A fantastic phablet: Nokia’s Lumia 1520 reviewed

In case you haven’t heard how PureView works, essentially, Nokia has found a workaround to the issue of zooming in on a smartphone camera.

Traditional zoom requires a mechanical lens, usually one that’s motorised with several glass elements in place. When used, this allows the photographer to get closer, but also increases the thickness of the device the camera has been installed on, because there’s a working lens that will likely extrude from the device.

Nokia’s solution to this is to make the sensor bigger and have the frame crop in on the area you want to shoot, taking the Lumia 1520’s 20 megapixel sensor and bringing it down to 5 megapixels for every shot.

You can either shoot an image from far away at 5 megapixels, or have the camera “zoom” by cropping the sensor in that position.

Daylight shot at 5 megapixels.

It’s a neat idea, and in the Lumia 1020, it made a lot of sense, cropping the 40 megapixel sensor in that camera down and providing some reasonable “zooming,” even if the up-close images weren’t razor sharp when used in this mode.

In the Lumia 1520, the sensor size is smaller, pushed down to 20 megapixels, but the zoom mode still works in much the same way, providing some zoom that at least isn’t the digital zoom we expect out of another smartphone camera.

This method of zooming can get you closer, but really, it’s the performance of the camera in day and night that impresses us greatly.

When the sun is out, the Lumia 1520’s camera performs very well, with strong colours and excellent recreation, though sometimes you may find you need to select a better focus point to improve the light balance more accurately.

At night and in low-light, the camera still manages to handle itself, producing a respectable lack of noise in the darker spots, which can result in some excellent imagery, provided you hold still.

Night shot at 5 megapixels.

If there’s one thing that bugs us about the Lumia 1520, though, it’s the weight, and at 209 grams, this isn’t a light handset by a long shot.

Throw it in your pocket and you will notice the weight, because it drags your pants down. Inside a bag, you won’t be concerned, but the moment it hits your clothing, there’s no use in denying its presence, because it is severely obvious.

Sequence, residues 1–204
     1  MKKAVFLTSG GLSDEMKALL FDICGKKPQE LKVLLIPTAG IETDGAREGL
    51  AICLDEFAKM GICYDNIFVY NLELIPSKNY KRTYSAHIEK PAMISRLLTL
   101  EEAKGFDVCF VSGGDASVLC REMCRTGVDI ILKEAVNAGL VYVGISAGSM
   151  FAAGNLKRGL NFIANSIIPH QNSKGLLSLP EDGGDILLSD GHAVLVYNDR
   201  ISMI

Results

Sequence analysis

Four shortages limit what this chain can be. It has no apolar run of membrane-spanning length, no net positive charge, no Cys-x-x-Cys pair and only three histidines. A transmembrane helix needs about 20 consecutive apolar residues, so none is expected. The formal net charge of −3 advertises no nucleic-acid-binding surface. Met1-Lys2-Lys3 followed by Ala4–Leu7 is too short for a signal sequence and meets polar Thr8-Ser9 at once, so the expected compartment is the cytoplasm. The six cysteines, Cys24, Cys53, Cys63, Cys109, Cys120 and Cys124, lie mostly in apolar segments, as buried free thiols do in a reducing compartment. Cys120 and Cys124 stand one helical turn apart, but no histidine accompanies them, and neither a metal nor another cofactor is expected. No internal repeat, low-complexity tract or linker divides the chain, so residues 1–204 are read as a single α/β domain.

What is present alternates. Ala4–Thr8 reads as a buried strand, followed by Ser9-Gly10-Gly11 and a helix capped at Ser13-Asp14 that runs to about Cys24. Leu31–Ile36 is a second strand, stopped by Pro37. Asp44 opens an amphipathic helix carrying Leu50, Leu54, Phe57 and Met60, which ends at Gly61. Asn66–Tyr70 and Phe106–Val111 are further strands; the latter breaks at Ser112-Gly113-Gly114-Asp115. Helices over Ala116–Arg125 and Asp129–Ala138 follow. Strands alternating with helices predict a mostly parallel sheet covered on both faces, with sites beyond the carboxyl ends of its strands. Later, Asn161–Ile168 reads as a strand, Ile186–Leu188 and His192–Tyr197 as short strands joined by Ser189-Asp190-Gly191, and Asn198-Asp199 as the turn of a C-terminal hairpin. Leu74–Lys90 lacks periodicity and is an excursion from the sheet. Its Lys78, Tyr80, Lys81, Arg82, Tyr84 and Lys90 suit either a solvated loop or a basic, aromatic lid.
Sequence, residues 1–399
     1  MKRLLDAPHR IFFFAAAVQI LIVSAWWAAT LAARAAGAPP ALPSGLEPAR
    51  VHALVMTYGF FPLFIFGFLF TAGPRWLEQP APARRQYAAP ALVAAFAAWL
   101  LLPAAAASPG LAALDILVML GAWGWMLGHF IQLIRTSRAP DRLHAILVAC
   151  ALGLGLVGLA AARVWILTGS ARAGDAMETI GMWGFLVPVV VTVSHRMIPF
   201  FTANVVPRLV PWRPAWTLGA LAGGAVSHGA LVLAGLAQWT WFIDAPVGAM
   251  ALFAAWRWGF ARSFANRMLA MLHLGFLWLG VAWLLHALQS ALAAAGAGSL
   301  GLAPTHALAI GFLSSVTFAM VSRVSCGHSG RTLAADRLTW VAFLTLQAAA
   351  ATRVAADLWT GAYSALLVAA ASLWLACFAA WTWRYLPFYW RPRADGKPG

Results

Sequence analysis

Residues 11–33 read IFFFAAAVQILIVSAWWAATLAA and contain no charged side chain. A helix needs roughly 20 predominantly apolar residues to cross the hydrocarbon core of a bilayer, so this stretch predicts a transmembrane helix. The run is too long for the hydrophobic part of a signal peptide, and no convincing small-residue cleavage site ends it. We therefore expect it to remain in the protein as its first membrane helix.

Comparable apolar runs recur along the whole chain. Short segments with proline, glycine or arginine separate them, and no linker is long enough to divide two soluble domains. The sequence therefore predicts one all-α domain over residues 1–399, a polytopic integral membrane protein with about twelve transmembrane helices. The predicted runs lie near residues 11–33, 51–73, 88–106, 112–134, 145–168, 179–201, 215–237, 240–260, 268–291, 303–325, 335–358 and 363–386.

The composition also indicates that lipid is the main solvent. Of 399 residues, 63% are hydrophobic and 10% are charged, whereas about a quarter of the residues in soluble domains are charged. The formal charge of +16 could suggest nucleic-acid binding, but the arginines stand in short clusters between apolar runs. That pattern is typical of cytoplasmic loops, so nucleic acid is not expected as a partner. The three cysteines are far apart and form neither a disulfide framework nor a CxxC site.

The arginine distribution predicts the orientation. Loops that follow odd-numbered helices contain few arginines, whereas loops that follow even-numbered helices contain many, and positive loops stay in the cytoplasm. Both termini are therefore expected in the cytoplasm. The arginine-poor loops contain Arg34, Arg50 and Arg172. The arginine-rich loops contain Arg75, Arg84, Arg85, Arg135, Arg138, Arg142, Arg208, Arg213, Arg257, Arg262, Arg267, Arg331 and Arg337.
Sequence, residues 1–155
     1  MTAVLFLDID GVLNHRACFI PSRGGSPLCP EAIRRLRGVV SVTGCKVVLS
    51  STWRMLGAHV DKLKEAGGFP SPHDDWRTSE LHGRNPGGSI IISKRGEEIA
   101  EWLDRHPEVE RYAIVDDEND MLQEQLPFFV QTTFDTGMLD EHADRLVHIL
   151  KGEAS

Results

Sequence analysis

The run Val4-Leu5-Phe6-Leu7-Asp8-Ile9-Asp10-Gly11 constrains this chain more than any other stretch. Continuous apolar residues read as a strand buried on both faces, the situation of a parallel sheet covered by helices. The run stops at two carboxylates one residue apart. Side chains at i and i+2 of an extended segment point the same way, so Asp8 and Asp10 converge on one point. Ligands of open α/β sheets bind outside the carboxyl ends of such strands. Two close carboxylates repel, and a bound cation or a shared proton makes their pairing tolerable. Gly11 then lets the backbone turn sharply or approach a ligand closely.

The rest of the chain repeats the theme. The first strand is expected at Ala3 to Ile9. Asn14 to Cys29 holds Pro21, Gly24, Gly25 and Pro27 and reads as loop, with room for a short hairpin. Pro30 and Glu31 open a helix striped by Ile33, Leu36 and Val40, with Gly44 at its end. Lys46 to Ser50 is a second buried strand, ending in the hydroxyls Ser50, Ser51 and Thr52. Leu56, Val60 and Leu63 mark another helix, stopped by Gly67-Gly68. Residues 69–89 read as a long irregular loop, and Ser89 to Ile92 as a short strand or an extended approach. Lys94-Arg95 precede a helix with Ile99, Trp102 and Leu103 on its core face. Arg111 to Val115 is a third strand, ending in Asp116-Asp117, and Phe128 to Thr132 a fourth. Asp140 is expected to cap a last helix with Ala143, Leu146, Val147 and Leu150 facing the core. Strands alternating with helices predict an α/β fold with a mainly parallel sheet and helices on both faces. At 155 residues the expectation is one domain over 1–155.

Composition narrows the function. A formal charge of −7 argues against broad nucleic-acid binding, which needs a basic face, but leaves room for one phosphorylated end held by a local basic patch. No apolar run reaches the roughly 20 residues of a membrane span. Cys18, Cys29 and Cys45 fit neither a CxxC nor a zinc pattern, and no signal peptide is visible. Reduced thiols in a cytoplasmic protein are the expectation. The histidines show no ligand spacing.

Interestingly, the weight doesn’t pose a problem in the hands, and the heft from this thing actually goes a long way to make it feel solid and strong, but only in your hands.

One other minor thing is the nanoSIM support, and this is the first Nokia we’ve seen that requires the SIM card style used in the iPhone 5, 5S, and 5C.

The only issue that this brings is that previous owners of a Windows Phone or pretty much any Android phone will need to make their way to a new SIM card, which either means a trip to the local arm of your telco, or risking cutting the microSIM down, which we don’t recommend.


We’ll happily give credit where credit is due, and it is certainly due here, as the Nokia Lumia 1520 isn’t just an excellent first phablet for Nokia, it’s an outstanding handset for the Finnish brand in general.

Some may criticise Windows Phone for its app ecosystem, and while it’s true that it’s still building itself, it is getting stronger, and it’s not technically the job of the phone manufacturer to improve this. In fact, the supply of apps is beginning to increase, and even includes Instagram, which took so long to appear on the platform.

Outside of the ecosystem, there is just so much to like about the Lumia 1520, from the speedy performance to the superb battery life, and even that gorgeous 6 inch Full HD screen and included wireless charging support. In fact, the only things you might hate the phone for is the weight, which you will notice in your pocket.

That said, if you’re after a top quality tablet-sized phone and aren’t against the Windows Phone ecosystem, you owe it to yourself to check out the Lumia 1520. Highly recommended.

Value for money
Ease of Use
Reader Rating0 Votes
Fast system performance; Excellent 4G; Solid battery life, with as much as two days going into a third day; Fantastic camera; Expandable memory; Bigger screen size allows for an extra column of icons, which means you can generally fit all the icons you need on one page; Wireless charging built in, though you will need the Nokia wireless charger;
A little on the heavy side; Takes nanoSIM, so previous Windows Phone users will need to get a new SIM card;